And Tak's final advice for brides is pure gold: "Know your body very well.  Listen to your friends and to yourself and not to a salesperson.  Just know yourself very well, know your positives, as well as what you don’t necessarily want to show.  Bring a friend, but, and this is very important: don’t ever go to a bridal appointment with the whole bridal party and all your family.  Too many opinions, you don’t know where to go, and what to listen to since everyone likes something different.  Go with maybe two friends maximum to your appointments.  And go with the friend who will tell you the truth, not the friend who tells you everything looks good on you all the time.  I think it is very important that a bride knows what looks good on her.  Go into your closet and pick out your favorite dress, the dress you love to wear all the time, and when you have to dress up, that is the first dress that you think of.  That’s your best dress, use that as the base, and figure out what about that dress you love most.  And use that as the ingredients for finding your wedding dress."

AriaDress's 2011 Collection will debut sometime in the Fall and you can be sure to see it featured here on 5MoreMinutes.  

For Parts I & II on AriaDress go here and here

Thursday, August 12, 2010

Coming Soon...

I will be posting an interview I had with amazing AriaDress designer Tak Hau, hopefully, by tomorrow night, so be sure to come back to check that out.

Tweed, Cont'd

Behold!  Here is my visualization for that delicious Irish linen that I mentioned earlier.

OK, I did this draping the same day I did that post on the Dolce and Gabanna dress, and I have not gotten any further, but Walter Plunkett bought his fabric and be-laboringly studied it until inspiration overtook him,...so yeah, that is my justification.
Please tell me what you think!  I want opinions!

And, by the way, the belt is from Ruche.  Can you tell I am obsessed with that place?!

Wednesday, August 11, 2010

Wedding Style: Part 2 - AriaDress

For anyone who got the stink-eye from the wedding boutique ladies for shopping only eight months before the wedding or disliked the weird over-enthusiasm for finding The Dress like it was the love of your life, there is an option called AriaDress:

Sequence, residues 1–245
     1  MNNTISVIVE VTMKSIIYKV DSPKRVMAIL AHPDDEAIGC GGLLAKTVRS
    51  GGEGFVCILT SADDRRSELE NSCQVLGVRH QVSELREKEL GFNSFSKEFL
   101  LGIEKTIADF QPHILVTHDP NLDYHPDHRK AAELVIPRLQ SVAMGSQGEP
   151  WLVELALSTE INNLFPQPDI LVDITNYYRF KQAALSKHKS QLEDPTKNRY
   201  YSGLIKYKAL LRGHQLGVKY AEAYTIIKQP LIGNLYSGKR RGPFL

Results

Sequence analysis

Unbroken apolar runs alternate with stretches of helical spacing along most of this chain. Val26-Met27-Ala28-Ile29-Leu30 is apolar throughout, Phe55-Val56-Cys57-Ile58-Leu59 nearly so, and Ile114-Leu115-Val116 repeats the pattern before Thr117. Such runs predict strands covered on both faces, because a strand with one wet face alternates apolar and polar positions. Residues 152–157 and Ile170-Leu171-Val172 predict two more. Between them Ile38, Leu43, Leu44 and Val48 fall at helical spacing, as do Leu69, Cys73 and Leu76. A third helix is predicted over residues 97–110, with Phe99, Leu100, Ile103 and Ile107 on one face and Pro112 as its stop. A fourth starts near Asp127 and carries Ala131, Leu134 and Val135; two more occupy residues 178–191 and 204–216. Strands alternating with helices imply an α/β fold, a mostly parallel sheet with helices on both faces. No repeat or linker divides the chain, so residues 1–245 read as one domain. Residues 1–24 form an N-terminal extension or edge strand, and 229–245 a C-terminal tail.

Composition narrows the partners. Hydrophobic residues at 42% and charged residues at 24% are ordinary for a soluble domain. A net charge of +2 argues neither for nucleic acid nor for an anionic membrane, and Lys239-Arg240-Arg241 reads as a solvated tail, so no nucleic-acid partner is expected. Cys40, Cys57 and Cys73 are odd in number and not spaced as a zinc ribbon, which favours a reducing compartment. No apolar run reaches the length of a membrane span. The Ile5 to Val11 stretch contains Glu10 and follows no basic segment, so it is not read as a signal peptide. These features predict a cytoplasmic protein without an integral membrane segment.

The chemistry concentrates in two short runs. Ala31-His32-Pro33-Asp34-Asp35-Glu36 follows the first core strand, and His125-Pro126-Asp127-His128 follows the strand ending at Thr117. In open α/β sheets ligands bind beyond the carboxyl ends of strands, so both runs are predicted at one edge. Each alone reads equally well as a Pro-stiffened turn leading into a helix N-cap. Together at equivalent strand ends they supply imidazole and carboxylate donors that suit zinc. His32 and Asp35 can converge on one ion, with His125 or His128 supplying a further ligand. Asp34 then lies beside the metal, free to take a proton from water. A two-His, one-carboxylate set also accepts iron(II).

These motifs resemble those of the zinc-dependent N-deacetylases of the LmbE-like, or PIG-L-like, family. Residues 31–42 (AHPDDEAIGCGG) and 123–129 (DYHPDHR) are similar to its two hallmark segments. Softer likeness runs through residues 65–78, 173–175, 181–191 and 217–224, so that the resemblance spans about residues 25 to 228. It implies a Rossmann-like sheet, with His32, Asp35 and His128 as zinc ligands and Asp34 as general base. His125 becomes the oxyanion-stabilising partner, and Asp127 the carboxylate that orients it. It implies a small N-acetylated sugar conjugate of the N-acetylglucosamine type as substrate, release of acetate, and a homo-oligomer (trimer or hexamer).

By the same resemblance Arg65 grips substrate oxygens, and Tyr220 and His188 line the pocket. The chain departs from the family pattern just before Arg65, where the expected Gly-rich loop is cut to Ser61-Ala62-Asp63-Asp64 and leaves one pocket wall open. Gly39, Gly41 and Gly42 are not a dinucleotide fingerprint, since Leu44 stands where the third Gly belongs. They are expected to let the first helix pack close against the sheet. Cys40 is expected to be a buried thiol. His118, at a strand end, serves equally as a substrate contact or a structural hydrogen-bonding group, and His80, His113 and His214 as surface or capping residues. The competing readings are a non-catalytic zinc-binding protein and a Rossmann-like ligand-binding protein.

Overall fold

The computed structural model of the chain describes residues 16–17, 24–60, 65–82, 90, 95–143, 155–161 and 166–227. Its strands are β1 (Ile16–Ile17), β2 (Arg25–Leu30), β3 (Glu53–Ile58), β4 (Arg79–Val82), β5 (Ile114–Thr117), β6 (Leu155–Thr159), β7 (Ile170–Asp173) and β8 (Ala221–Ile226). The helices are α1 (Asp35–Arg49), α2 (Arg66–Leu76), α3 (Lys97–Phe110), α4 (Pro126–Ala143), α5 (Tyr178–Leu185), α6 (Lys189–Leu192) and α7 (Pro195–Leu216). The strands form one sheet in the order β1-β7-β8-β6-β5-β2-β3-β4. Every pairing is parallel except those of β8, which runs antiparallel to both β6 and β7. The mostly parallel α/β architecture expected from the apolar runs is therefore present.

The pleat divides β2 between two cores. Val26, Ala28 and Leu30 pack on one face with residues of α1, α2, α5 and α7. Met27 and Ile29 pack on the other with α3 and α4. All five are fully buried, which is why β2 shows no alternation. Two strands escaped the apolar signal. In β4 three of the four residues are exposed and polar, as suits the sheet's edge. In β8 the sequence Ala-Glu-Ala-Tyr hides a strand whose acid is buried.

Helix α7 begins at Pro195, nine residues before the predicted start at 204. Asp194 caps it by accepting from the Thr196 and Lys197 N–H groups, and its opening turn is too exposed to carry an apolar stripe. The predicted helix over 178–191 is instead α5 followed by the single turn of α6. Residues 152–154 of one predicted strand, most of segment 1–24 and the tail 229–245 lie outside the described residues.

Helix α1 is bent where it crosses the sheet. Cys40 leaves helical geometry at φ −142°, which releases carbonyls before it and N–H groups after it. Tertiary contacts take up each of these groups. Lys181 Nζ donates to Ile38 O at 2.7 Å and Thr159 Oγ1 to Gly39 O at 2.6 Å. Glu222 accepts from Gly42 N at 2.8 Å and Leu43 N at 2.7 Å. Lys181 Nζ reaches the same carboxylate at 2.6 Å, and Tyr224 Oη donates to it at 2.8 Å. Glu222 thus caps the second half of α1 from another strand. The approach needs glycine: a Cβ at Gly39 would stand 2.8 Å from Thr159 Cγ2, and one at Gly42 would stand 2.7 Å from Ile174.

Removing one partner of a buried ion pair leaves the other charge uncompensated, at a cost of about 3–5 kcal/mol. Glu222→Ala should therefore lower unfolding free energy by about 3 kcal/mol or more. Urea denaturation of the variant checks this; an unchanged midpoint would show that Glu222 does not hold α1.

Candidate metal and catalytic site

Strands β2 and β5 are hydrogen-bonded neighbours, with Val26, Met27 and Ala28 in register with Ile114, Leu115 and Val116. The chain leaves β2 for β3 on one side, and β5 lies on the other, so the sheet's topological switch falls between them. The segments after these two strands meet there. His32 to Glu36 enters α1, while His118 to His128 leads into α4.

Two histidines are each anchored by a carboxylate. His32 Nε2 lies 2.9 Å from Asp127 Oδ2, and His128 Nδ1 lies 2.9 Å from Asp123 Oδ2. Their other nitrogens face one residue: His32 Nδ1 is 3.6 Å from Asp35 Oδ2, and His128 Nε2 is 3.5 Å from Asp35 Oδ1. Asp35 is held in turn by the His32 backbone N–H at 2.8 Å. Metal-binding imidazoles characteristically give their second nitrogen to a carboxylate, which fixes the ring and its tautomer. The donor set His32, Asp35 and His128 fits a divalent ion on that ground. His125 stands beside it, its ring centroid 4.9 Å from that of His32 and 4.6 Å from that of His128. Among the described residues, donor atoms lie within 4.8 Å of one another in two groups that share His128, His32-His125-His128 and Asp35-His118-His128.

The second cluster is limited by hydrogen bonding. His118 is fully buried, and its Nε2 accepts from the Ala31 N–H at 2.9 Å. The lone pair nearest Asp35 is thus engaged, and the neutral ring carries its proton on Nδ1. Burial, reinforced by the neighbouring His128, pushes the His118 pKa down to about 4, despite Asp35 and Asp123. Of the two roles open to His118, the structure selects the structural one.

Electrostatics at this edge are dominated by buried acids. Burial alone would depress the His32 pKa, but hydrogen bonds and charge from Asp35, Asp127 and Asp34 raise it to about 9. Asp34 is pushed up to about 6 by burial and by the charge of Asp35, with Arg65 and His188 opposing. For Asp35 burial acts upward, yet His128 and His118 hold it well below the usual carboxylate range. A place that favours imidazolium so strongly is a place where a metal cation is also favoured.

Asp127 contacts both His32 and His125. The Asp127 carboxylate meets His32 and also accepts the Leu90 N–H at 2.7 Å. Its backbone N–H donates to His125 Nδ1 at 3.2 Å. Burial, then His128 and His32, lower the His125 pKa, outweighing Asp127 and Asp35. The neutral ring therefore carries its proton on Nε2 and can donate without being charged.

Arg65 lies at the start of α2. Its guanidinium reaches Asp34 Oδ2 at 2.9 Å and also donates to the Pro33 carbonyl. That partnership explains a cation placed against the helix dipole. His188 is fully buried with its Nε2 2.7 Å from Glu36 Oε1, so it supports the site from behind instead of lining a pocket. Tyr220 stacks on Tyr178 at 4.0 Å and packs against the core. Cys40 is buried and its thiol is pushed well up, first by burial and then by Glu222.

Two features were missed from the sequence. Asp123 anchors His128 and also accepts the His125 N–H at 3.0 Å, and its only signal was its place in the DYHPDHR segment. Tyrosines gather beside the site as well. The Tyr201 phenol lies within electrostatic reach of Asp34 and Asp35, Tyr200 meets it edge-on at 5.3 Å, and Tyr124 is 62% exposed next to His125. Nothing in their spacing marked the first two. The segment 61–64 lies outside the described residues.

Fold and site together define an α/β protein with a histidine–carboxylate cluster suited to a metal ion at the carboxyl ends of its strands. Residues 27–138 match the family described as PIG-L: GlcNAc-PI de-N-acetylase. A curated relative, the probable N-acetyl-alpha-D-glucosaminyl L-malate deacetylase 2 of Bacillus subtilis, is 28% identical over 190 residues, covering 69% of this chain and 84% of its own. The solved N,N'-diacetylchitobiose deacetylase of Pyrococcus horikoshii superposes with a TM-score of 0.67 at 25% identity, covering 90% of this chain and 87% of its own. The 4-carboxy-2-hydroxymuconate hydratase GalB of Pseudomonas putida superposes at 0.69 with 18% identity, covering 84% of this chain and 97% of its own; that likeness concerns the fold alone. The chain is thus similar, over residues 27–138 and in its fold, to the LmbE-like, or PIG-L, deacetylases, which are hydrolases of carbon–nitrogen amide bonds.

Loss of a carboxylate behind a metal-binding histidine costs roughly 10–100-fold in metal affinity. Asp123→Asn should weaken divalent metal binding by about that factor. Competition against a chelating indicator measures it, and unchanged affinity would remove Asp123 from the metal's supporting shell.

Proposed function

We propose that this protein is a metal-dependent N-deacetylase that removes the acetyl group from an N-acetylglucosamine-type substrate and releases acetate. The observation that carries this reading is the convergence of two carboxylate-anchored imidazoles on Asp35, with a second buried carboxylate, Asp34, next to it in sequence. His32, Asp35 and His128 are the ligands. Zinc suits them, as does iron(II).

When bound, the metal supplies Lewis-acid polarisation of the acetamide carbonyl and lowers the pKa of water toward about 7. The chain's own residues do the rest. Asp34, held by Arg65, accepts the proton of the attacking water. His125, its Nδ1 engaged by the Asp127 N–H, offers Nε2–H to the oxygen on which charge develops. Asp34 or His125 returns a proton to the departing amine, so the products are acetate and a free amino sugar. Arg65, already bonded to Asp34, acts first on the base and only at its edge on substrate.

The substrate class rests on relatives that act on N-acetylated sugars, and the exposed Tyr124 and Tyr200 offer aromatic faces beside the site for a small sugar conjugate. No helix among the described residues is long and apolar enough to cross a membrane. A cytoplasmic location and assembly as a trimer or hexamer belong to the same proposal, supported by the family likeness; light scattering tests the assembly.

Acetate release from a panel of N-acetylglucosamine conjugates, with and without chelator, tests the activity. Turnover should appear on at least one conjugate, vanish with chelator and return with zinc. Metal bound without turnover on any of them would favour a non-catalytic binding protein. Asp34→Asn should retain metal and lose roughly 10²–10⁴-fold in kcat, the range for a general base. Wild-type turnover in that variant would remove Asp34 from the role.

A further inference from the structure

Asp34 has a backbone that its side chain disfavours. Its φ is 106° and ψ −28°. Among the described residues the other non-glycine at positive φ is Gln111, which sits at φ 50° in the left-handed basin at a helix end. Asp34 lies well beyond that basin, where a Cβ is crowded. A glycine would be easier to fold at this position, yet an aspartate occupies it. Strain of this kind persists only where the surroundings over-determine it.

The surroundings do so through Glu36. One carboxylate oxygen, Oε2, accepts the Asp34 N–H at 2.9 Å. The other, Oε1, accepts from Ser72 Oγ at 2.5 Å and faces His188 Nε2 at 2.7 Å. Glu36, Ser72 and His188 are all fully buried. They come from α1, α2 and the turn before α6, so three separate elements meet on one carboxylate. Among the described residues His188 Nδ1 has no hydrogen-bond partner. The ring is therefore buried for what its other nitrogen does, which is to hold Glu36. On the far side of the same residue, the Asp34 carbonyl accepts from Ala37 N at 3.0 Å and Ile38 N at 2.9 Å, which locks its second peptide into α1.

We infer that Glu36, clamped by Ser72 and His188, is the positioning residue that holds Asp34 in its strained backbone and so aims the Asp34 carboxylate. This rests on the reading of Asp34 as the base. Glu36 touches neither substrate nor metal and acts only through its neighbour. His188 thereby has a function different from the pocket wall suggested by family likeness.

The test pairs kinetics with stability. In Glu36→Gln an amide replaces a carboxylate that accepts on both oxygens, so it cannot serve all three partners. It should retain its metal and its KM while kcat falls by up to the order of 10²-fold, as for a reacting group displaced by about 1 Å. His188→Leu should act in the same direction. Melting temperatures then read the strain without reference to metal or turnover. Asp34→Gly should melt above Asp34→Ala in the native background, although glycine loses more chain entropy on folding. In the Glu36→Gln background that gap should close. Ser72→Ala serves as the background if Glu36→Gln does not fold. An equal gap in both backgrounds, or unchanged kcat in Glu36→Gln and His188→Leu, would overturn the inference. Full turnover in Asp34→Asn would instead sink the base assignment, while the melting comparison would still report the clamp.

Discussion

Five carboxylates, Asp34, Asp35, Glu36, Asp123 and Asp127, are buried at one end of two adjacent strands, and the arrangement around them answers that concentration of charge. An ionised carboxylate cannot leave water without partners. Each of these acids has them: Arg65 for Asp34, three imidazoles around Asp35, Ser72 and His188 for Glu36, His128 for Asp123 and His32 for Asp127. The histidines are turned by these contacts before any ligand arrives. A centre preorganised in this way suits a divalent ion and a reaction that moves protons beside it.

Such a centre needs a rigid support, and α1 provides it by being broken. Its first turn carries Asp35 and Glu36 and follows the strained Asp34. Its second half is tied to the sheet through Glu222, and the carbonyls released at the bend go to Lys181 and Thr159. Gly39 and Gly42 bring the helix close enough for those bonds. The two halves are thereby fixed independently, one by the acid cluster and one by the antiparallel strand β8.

Style 173
Style 140
Style 185
If you are like me, and bridal boutiques make you nervous, the friendly and accommodating people at AriaDress make the company a bridal Xanadu.  AriaDress has accomplished an amazing union between modern technology that allows them to provide designs globally, and the fresh, energetic and immediate customer service you find in the shop around the corner.  

There is the high energy, creative flexibility, and excitement about The Wedding that a bride thrives on when planning.  AriaDress designs are simple and structured: perfect for the bride who prefers the clean simplicity of the style pairing of Givenchy and Audrey Hepburn.  For fabric snobs such as myself, they provide three types of silk, satin, and a demure cotton to chose from as well as a variety of skirt and top options and they are financially reasonable.  For creative brides, they offer an embroidered silk option, and artistic style flexibility for those who want a little something special.  From a bride who spent that special day in an AriaDress design, the pocketed dress that I chose for my own wedding (style 185) was both comfortable and beautifying.  They also offer accouterments for the men, ring bearer pillows, dresses for flower girls, petticoats, etc., and a wide array of style options.  They also offer an amazing Try on Program to get around the fright of selecting a dress sight unseen if you are not near their Los Angeles, Boston or D.C. locations; for this program they actually send you an example dress for a nominal fee so you can see how the dress will look.  
Style 161
Brides have a tough time finding what they want through the jungle of The Wedding Industrial Machine, and it is imperative to figure out your priorities.  If your priorities jive with the style options you see in the AriaDress website, you will be very happy with what they offer.  

Sunday, August 8, 2010

Cased Colored Lead Crystal

OK, so almost all of the voters of Friday's poll are like Sean and me: mismatched glasses collected from other households, roommates, and pubs...and one set of wine glasses that was a wedding present.  For our sixth month anniversary, I decided to invest in some heirlooms and bought Sean these cased colored lead crystal wine glasses.  These are gorgeously crafted, a little difficult to find, and definitely an investment.  I have loved this style for ages, but never really thought to track them down to buy until Sean fell in love with them.  He has a friend who has collected these glasses for years.  The gentleman has a gorgeous cabin in the wilderness of the Upper Peninsula that makes my heart happy.  I thought lifestyles of Tweed could only be found in Wodehouse, Waugh, or some crusty English club that had long since lost its vigor and stands more as a bored monument of the past.  But these do still exist for leisure.  The gentleman has created this cabin of  wood paneling, built-in bookshelves, copper pans, and old leather furniture as a monument to civility and hospitality.  In the midst of the untamed wilderness of the UP, this gentleman and his guests eat, drink from these gems, and talk of finer things, then, in the morning, work.